German For Dummies, (with CD)
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You may be looking for particular information while reading this book. To make certain types of information easier for you to find, the following icons have been placed in the left-hand margins throughout the book:
German Essentials For Dummies | Wiley
Just as the definite and indefinite articles change, so do personal pronouns. However, this is also the same in English, as “I” changes to “me” or “my”. For example:Also note that, because each language has its own ways of expressing ideas, the English translations that we provide for the German terms may not be exactly literal. We want you to know the essence of what’s being said, not just the meanings of single words. For example, the phrase Es geht (ês geyt) can be translated literally as It goes, but the phrase is actually the equivalent of So, so, or Okay, which is what you see as the translation. Foolish Assumptions By the way, if you want to learn German fast and have fun while doing it, my top recommendation is German Uncoveredwhich teaches you through StoryLearning®.
BBC - Learn German with free online lessons
This book is divided by topic: first into parts and then into chapters. The following sections tell you what types of information you can find in each part. Part I: Getting Started What about sentence structure? Structurally, German is very similar to English, so it won’t be so difficult to understand the rules.audiocd.eps The audio CD that comes with this book gives you the opportunity to listen to real German speakers so that you can get a better understanding of what German sounds like. This icon marks the Talkin’ the Talk dialogues that you can listen to on the CD. Where to Go from Here The accusative case, known as the objective case in English, answers the question “ wen?” or “whom?” and describes the direct object of a sentence. In this part, you begin learning and using German. Instead of focusing on grammar points as many dull, dusty language textbooks do, this part focuses on communicating effectively in everyday situations, such as shopping, asking for directions, going to a museum, dining, phoning, and lots more. Part III: German on the Go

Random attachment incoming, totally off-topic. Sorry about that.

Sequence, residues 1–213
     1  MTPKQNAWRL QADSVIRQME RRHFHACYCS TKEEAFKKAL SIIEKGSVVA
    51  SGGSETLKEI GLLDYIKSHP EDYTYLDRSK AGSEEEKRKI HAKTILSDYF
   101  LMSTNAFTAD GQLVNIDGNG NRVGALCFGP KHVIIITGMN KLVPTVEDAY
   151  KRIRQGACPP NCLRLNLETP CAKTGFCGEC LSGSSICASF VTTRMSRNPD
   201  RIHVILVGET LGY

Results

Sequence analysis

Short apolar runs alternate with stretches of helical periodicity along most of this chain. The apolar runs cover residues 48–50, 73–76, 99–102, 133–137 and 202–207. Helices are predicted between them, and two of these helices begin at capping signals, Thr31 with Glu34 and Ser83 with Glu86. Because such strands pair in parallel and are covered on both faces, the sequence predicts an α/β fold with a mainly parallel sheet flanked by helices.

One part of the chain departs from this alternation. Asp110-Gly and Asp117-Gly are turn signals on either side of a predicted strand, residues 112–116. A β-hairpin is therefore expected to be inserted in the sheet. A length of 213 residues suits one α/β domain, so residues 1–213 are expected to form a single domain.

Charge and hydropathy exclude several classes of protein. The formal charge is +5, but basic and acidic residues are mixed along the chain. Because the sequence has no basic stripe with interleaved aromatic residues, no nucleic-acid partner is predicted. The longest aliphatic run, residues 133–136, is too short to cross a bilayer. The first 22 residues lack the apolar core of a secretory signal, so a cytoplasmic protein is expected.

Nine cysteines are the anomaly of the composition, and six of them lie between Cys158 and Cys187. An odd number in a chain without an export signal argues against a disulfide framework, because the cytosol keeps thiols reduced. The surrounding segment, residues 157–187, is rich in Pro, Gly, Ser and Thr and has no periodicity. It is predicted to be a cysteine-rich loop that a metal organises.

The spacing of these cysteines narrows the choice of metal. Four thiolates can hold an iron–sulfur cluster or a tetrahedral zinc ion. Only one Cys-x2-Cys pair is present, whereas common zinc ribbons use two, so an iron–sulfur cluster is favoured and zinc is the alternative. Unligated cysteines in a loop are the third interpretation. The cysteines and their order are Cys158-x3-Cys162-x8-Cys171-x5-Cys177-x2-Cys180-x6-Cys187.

German Books - dummies German Books - dummies
The dative case describes the indirect object of a sentence in German and English and answers the question, “ wem?” (whom), or “was?” (what). German All-in-One For Dummies brings together content from German For Dummies, 2nd Edition, German For Dummies Audio Set, German Phrases For Dummies, Intermediate German For Dummies, and German Essentials For Dummies. ??Plus, it includes a new CD that allows for even more opportunities to practice speaking the language, as well as additional content on grammar and usage to empower you to use and speak German like a native.
You can find the alphabet online and hear the right pronunciation of each letter. Pay special attention to the letters with an umlaut (Ä, Ö, Ü), as it completely changes the way a letter is pronounced. The genitive case indicates possession and answers the question “wessen?”or “whose?” You'll see the genitive case most often in written German. In spoken German, you'll hear von (from)and the dative case instead of the genitive case. To write this book, we made some assumptions about who you are and what you hope to gain from this book: